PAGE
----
“Sir?” The older woman waited.
“Anywhere is fine with me.”
The woman’s brow knitted together. Her eyes blinked faster. “Can I recommend the fire then?”
“Sure, recommend away.”
She carried the food over to the edge of the pit. Cautiously she stepped down onto the bench and then another until she was at the bottom. All the way around the fire pit was a black marble ledge. The woman placed the food on it and beckoned for the girl, taking the tray of condiments from her she placed it next to his food. Crawling out of the pit she looked at him. “Will you be needing anything else?”
“Some answers would be nice.”
Her eyebrows bunched up again, she pursed her lips, and folded her hands in front of her. “I… I—“
“Don’t worry about it darlin’.” He smiled.
She smiled and the two of them quickly scurried back through the door they had come.
Andrew chuckled to himself. He felt bad for her. He didn’t mean to embarrass her. He really did want to know. Everyone seems so serious and/ or mysterious around here. It had been unfair to ask her.
The smell of the flame broiled meat and the white wine sauce on the vegetables made his stomach grumble. Who knew the last he had eaten. Had to have been hours. Lowering himself into the pit he seated himself on the bench with some pillows in the small of his back. He stuffed the silk napkin provided into the top of his shirt and balanced the tray of food across his knees. All signs indicated this would be a class act meal. He doubted that he ate this lavishly at home, wherever that was.
* * *
Gregory took the main stairs. They were the showcase of the entry way if anyone ever used the front door. Hand carved railings and a painstaking cross patterns imbedded into each step from the bottom step to the top step. Wide enough for a production number, the broad steps swept upwards parting in the middle for a large mirror and diverging in opposite directions. Taking the right fork to the library he passed the game room, the movie theater, and cocktail room. When he thought about this estate the word that dominated was peace. So far removed from human activity. The surrounding towns were relatively close together but because of the tracks of forest separating them you would never know it. No buildings were more than two stories high. From the right elevation you could see the highway cutting through the trees but otherwise all humanity was invisible.
The main room, where he had left Andrew, faced west and when the sun hit the glass it would shine back, he had people in town comment on it every now and then. This house was not the only one above the valley, but it was the biggest. And of course the most important since it was so intimately tied to the history of the area.
More than any other room in the house, the library was the most secluded. It was practically at the center of the house. In place of natural light false windows and a pair of French Doors were lighted in a way that mimicked natural light even to the point of dimming and brightening corresponding with the real time outside light. To add to the light of the rooms the bulk of the walls were painted a sunny yellow with the ceiling and beveled panels in white. It was an almost round room, double height, with two levels of built in book cases from floor to ceiling, which only served to further insulate it from all noise. Several speakers were imbedded all around the room so that if you sat in the middle on the strategically placed couches, sound literally surrounded you. It was a compact room with different kinds of seating, high backed Louis XV style arm- chairs surrounding small pine tables to accommodate tea or water. If you wanted something less formal there was plumb couch with matching armchairs on each side. Along the back of the couch was a long table with a chair and everything one would need for writing a letter.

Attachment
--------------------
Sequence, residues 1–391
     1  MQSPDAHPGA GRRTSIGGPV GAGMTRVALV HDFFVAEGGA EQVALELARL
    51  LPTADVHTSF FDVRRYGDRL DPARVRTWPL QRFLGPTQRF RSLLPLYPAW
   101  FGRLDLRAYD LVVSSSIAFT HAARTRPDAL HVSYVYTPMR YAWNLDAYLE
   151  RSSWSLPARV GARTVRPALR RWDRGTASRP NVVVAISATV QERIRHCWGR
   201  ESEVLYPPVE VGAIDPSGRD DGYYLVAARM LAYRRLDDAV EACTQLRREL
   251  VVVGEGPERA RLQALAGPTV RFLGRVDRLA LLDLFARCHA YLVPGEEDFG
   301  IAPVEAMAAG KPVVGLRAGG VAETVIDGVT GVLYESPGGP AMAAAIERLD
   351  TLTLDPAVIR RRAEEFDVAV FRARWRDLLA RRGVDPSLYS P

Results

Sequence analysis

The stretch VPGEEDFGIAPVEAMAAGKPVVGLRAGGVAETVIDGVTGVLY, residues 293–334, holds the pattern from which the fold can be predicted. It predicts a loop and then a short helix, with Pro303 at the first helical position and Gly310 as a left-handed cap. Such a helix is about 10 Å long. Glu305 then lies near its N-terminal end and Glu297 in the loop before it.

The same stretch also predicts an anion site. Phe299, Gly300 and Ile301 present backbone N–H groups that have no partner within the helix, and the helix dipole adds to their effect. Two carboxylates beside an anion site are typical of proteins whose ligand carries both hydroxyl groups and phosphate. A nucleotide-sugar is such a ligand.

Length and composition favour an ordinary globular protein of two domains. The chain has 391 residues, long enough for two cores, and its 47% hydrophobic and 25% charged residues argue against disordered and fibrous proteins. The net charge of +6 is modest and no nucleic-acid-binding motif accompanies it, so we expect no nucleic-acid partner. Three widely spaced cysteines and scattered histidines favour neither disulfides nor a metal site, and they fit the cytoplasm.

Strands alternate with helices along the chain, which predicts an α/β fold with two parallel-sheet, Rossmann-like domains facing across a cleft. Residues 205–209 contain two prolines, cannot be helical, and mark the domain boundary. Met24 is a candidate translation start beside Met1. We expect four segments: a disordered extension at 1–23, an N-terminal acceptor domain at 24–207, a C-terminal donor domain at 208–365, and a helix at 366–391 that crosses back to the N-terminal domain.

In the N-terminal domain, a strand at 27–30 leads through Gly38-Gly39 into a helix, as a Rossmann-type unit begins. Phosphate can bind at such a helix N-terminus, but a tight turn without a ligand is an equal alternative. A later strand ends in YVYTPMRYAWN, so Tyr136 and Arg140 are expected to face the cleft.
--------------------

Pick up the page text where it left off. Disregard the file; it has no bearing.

Climbing the nearest of the two tight spiral staircases to the second tier of shelves he crossed over to the middle and paused. On this level the shelves had been alternated with beveled panels. This center one was different from the others. Leaning on the right side with his weight he heard a slight click and stepped to the side. The panel swung inward without a nefarious creaking. He slipped in through into the next room, pushing the door shut behind him. There was no chance of anyone else coming in behind him since only Mr. Moore used the library but habits should remain regardless of who was around.
This room was called the observatory for many reasons. It had a reinforced glass roof. It was heated so that there was never any snow build up. It had an automated feature that after some much weight had accumulated the heating would kick in. It was a rare occasion it snowed so much that Mr. Moore had not already turned the mechanism on. Mr. Moore ended most of his evenings here where he could contemplate the night sky while music floated all around him.
There was a steep stairway that led to a deck higher up (the highest point of the house) that put you within a few feet of the glass dome. You could see most of the rest of the exterior of the house from this vantage including the road leading up to the house. There was also an adjunct security suite where you could monitor the array of camera angles.
Gregory looked around. A tray with Mr. Moore’s Earl Grey tea sat untouched, still steaming. He could see the silhouette of Mr. Moore against the skylight on the top level. The standing order was he was not to be disturbed if he did not give you his immediate attention. Gregory turned to leave, Mr. Moore would know where to find him. He pulled on the handle of the false panel.
Gregory closed the panel and turned around, looking up. “Yes, Mr. Moore.”
Mr. Moore was leaning on the safety rail with his elbows, the night sky hovering over his head. “Did you manage to get to Mr. James in time?”
“I did, he was injured, but not fatally.”
“Is he secure?”
“Yes, Mr. Moore.”
“And his injuries?”
“Hard to say, Sir. He seems to have amnesia. The doctor should get in tonight to examine him.”
There was no immediate response. Mr. Moore continued to lean over the side but made no movement. The slightest move of head was barely visible in the near darkness of the room. “When she arrives tell her to join me for breakfast on the veranda.”
“Any sign of who may have done it?”
“Just some fresh tire tracks.”
“Damn,” he cursed under his breath and banged his fist on the rail. Mr. Moore stood straight and walked away from the rail. Gregory knew that was the official conclusion of this conversation. He slipped back into the library. Dinner was foremost in his mind, but he still had to get Andrew settled in. It had been a successful day and he was looking forward to the reward of a nice meal paired with a red wine.